During the global financial crisis (GFC, 2007–2009), Lloyd Blankfein, CEO of Goldman Sachs, famously said that it was unfair that people were so mad at him and other bankers for crashing the economy because, contrary to common belief, they were doing “God’s work.”1
God’s work? Maybe so. But they were certainly not doing work for the economy, the taxpayers, or the people. Rather, it turns out, we were all working for them.
However preposterous Blankfein’s claim was, he went on to argue something that is contained in almost every Money and Banking textbook and that is constantly repeated by economists, politicians, and bankers: “We’re very important. We [bankers] help companies to grow by helping them to raise capital. Companies that grow create wealth. This, in turn, allows people to have jobs that create more growth and more wealth. We have a social purpose.”
In other words: “Bankers are essential workers.”
But the people are not buying it. When they clapped every night on their balconies at 7 p.m. or made signs or sent out heartfelt messages thanking “our essential workers,”they mentioned health care workers, first responders, teachers, grocery store workers, delivery people, and farmers, among others. But bankers?
Still, the hard truth is that bankers make themselves “essential” by inserting themselves into the heart of the economy. This becomes most obvious during economic crises. In the run-up to periodic financial meltdowns, bankers’ reach, wealth, and power means they can direct the nation’s credit and, more important, its human and natural resources in socially perverse and destructive ways. Then, when their reckless actions get out of hand, they threaten all of us with economic destruction, unless we prop them up and bail them out. In this way, bankers and financiers make themselves essential workers the same way the local shake-down artist extracts protection money: pay up, or watch your store burn to the ground.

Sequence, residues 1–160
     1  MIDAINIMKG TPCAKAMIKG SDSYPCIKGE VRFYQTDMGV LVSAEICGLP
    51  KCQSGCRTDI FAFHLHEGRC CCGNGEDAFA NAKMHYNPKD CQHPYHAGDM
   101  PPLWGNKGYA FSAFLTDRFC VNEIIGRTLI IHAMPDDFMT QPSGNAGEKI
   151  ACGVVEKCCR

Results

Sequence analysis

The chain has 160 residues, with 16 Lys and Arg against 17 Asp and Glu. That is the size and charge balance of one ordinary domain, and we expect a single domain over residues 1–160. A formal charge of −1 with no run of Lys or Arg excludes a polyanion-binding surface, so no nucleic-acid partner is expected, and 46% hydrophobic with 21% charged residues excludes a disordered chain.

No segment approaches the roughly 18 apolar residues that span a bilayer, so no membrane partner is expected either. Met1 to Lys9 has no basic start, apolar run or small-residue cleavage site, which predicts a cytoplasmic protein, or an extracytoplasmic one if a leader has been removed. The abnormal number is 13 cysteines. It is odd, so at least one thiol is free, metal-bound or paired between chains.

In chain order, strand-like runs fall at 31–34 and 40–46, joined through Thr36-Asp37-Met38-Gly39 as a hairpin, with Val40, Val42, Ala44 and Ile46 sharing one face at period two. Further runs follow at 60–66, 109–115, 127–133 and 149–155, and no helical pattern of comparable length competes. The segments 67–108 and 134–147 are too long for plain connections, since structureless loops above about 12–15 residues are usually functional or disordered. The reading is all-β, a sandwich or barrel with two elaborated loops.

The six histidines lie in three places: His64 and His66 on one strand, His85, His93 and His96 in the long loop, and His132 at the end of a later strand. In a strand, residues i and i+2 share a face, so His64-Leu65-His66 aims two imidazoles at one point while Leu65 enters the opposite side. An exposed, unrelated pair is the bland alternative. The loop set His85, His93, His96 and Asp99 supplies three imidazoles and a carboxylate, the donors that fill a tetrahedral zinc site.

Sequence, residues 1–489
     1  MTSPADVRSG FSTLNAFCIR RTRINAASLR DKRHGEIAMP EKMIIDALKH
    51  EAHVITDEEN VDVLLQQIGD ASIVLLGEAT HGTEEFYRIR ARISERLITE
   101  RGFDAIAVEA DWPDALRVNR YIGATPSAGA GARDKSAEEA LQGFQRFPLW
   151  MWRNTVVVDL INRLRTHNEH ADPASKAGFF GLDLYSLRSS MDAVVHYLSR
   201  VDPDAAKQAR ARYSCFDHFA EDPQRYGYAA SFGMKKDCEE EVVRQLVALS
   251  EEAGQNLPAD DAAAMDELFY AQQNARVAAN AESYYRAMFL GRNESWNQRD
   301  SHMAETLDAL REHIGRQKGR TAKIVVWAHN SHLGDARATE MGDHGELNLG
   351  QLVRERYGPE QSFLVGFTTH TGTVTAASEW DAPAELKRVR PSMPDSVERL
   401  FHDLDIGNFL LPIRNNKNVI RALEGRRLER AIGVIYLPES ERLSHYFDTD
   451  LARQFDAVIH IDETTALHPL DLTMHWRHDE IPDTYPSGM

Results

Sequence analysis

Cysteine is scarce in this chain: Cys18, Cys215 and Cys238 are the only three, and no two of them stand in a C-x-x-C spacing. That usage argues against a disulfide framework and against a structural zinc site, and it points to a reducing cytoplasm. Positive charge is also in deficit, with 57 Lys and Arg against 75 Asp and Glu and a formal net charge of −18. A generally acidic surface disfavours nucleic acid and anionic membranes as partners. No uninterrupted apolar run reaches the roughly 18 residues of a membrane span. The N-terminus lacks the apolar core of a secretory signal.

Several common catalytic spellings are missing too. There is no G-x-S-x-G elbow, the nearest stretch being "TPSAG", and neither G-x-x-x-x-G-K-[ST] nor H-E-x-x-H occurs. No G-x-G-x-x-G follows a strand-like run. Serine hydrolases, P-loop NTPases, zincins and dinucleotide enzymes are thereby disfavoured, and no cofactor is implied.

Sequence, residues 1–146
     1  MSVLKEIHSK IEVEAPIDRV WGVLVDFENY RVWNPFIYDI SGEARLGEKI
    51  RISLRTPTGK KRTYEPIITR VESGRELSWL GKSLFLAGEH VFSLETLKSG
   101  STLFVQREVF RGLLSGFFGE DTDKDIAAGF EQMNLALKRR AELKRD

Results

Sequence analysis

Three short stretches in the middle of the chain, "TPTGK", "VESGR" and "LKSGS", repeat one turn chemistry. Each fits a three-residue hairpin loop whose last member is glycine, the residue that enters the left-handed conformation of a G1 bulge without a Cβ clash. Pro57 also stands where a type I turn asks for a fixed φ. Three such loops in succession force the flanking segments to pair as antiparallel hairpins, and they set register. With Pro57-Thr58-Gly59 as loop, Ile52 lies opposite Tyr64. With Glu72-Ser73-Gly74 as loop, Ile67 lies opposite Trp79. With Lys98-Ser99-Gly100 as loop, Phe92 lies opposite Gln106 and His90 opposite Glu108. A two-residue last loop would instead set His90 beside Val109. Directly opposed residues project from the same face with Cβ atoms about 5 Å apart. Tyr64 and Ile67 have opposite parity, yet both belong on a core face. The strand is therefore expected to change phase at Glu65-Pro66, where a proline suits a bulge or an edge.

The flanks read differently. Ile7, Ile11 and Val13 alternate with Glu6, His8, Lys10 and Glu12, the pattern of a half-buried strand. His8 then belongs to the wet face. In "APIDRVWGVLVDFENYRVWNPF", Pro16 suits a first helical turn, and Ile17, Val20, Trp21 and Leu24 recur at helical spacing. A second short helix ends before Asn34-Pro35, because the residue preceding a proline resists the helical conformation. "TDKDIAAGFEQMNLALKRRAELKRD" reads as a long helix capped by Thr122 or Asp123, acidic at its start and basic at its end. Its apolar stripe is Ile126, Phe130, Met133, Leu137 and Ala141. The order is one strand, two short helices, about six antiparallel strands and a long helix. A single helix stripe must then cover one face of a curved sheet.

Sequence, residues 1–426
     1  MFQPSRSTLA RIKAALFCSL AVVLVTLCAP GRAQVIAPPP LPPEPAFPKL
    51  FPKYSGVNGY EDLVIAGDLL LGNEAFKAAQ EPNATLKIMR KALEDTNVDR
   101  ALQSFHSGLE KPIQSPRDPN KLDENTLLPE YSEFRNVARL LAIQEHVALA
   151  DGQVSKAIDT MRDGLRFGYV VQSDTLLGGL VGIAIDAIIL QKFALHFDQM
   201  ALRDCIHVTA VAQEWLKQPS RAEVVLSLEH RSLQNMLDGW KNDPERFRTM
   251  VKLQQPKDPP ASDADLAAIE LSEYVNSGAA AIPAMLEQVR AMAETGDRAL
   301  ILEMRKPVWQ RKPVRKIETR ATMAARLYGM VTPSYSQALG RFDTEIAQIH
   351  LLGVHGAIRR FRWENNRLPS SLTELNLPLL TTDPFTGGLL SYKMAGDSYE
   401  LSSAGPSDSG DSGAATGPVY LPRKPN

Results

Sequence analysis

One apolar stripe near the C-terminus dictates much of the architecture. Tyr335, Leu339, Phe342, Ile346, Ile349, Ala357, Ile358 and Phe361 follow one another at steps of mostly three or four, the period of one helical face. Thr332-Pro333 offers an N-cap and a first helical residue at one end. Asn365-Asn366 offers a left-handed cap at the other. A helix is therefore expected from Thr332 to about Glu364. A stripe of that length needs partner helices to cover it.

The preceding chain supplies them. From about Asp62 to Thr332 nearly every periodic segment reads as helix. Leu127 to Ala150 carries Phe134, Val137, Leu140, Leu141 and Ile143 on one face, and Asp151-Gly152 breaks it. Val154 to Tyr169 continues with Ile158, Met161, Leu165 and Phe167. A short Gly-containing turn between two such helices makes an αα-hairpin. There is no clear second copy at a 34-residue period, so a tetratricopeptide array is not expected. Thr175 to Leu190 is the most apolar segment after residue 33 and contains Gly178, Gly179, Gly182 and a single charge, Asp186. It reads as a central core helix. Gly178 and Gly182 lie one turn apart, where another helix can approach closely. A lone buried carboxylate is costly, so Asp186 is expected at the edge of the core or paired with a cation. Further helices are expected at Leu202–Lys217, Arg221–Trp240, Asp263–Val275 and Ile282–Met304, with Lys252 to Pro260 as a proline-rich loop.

Believe it or not, the problem gets even worse — policymakers help to make the bankers “essential workers.” In the current economic crisis, for example, the Federal Reserve (Fed) and the US Treasury made bankers essential workers to channel funds to small businesses and households and manage the Fed’s securities market operations. These private banks stand to earn more than $17 billion in fees from this work, though they appear poorly positioned to handle this efficiently and quickly.2 For instance, the $1.7 trillion asset management firm BlackRock has been commissioned by the Fed to manage several of its new bailout funds.3 Bankers stand to gain millions in fees for an activity that could be carried out by the Fed itself just as easily, more cheaply, and without conflict of interest.
Thus, bankers have made themselves essential workers the way that most rent grabbers and middlemen do it: through political power, manipulation, and blocking the competition. These bankers’ biggest fear is that public banking would provide this effective competition, nullifying their claims to be essential and therefore worthy of the public’s largesse.